NOTES

1. Consuelo Spencer-Churchill, Duchess of Marlborough (1877-1964), née Consuelo Vanderbilt, later Consuelo Balsan. The American-born duchess was one of the most stylish and famous women of her era. She had been separated from her husband since 1906, and they would divorce in 1921, three years after this article was published. Philanthropy remained a consistent part of her life; she went on to help found the Foch Hospital near Paris.

2. Ellen Terry (1847-1928) was one of Britain's most important Shakespearean actresses. In 1918, she was still performing on stage, and had recently made her first appearance in film. She was also active in war relief efforts. She retired from acting in 1922, and in 1925, she was created a Dame Grand Cross of the Order of the British Empire.

3. Adah Isaacs Menken (1835-1868) was a famous American actress who also wrote and published poetry.

4. Marguerite Gardiner, Countess of Blessington (1789-1849), née Margaret Power, was an Irish writer and host of a famous literary salon.

5. Helen, Lady Tree (1863-1937), née Helen Maud Holt, was the widow of Shakespearean actor Sir Herbert Beerbohm Tree. She was also a noted actress in her own right, and she continued to appear on stage and in films until a few years before her death.

6. Lady Jellicoe (1877-1964), née Florence Cayzer, was the wife of Sir John Jellicoe, who was First Sea Lord from 1916 until January 10, 1918 (a few days after this article was published). Because of upgrades to her husband's titles, Florence later became Viscountess Jellicoe and then Countess Jellicoe.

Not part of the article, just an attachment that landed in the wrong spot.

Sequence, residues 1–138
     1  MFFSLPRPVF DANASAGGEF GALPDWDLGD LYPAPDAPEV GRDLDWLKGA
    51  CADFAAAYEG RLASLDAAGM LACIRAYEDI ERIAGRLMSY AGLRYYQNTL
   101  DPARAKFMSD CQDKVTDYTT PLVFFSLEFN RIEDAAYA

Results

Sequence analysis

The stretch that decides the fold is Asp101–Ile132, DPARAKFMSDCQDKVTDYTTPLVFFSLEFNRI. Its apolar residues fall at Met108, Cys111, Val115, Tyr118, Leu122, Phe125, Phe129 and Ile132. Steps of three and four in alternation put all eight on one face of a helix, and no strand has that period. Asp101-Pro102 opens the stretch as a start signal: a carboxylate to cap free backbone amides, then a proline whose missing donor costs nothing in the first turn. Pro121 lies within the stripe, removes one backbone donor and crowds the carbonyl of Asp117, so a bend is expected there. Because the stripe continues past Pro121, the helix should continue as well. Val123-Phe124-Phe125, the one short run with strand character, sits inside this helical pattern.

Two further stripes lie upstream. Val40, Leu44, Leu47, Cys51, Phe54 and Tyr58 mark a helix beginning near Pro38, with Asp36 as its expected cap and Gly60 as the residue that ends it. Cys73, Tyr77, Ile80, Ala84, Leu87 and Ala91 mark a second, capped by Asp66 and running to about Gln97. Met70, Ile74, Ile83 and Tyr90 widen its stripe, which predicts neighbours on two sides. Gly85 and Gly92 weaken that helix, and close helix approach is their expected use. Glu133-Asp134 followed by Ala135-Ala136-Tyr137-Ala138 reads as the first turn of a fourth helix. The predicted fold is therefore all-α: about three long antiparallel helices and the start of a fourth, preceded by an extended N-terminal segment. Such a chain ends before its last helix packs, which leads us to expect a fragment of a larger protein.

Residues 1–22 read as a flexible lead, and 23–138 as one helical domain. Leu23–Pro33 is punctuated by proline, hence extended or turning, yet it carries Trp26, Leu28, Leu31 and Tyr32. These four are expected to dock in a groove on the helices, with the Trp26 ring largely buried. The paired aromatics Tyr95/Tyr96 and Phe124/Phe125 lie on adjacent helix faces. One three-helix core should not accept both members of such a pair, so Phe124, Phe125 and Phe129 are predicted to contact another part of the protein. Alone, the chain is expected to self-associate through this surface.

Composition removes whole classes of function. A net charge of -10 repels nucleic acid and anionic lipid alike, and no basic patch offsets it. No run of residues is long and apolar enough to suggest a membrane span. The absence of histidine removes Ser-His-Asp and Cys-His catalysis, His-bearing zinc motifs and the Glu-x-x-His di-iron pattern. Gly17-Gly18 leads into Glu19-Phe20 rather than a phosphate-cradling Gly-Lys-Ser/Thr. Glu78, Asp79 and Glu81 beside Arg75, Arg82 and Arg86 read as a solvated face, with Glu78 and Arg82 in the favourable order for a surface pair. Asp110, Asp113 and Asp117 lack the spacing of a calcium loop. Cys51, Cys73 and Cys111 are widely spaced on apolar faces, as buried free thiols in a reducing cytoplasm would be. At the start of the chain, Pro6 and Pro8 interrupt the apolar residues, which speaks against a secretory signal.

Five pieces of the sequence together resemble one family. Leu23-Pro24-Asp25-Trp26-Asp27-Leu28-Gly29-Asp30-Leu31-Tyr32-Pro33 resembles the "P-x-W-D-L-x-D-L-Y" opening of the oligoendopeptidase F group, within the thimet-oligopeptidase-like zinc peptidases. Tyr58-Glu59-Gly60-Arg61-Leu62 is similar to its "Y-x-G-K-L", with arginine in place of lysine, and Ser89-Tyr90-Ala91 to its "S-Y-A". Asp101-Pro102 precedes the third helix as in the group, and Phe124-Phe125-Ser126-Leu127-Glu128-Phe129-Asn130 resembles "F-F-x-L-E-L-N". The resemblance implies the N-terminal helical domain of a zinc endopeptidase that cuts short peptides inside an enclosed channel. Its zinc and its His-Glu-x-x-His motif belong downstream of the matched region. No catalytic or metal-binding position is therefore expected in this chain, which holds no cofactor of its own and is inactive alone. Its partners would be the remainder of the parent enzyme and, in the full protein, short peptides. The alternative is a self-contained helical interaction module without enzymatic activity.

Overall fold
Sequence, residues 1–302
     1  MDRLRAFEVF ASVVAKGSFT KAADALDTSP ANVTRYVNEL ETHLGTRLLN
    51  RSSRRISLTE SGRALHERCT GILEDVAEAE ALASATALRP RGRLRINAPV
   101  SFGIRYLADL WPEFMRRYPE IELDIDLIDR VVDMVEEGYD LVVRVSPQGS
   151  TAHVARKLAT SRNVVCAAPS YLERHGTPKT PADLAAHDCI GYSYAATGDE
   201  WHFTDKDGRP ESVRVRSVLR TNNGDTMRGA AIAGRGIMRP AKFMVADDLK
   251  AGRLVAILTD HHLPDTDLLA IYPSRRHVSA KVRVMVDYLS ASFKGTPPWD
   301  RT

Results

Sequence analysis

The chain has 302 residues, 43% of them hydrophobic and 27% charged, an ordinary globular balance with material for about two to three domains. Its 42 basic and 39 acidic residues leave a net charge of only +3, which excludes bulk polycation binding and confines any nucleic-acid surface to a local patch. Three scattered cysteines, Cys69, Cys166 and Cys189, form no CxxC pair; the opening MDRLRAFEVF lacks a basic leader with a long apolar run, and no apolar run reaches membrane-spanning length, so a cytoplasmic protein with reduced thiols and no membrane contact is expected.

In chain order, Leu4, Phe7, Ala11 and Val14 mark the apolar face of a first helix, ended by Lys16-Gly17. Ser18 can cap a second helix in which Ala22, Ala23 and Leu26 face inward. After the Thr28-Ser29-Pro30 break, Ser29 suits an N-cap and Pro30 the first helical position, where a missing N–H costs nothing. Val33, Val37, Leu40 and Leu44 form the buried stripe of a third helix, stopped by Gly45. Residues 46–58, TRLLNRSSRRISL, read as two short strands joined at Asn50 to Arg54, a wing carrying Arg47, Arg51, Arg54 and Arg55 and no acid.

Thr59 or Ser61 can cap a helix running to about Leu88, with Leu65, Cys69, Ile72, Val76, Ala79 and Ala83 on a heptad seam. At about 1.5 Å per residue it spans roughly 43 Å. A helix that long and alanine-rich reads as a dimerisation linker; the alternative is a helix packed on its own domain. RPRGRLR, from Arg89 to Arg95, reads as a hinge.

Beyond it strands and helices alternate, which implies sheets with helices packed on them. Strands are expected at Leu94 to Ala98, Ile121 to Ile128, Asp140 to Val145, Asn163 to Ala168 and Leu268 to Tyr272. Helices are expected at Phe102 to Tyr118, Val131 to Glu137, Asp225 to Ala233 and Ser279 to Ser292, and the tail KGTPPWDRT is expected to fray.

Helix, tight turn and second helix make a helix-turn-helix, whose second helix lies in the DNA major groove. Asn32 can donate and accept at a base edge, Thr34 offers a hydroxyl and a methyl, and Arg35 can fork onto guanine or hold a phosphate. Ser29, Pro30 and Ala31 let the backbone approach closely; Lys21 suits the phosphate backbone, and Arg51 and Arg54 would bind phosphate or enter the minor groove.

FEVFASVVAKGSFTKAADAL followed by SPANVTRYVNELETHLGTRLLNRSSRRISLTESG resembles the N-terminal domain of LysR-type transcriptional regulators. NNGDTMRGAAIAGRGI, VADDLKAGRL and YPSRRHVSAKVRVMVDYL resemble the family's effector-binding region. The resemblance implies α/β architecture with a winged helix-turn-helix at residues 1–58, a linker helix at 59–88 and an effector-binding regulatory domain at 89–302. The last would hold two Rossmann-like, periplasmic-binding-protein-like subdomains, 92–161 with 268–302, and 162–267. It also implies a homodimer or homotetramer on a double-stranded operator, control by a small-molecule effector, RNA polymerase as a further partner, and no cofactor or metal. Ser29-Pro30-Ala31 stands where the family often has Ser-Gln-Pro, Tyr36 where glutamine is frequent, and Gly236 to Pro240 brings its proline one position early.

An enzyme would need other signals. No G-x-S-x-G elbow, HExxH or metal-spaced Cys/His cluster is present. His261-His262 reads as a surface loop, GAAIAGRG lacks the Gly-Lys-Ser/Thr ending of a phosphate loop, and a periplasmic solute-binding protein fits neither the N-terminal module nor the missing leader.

7. Edith Vane-Tempest-Stewart, Marchioness of Londonderry (1878-1959), née Edith Chaplin, was a granddaughter of the 3rd Duke of Sutherland and the wife of the 7th Marquess of Londonderry. She was active in relief work during the war, and she was made a Dame Commander of the Order of the British Empire in 1917 in recognition of her efforts.

8. Alice Keppel (1868-1947), née Alice Edmonstone, was married to the Hon. George Keppel, but she's best known for being the mistress of King Edward VII. The present Duchess of Cornwall is Alice's great-granddaughter.

9. Pamela McKenna (1889-1943), née Pamela Jekyll, was the wife of Reginald McKenna, a Liberal politician who had been Chancellor of the Exchequer from 1915 to 1916. Pamela was an important political and society hostess.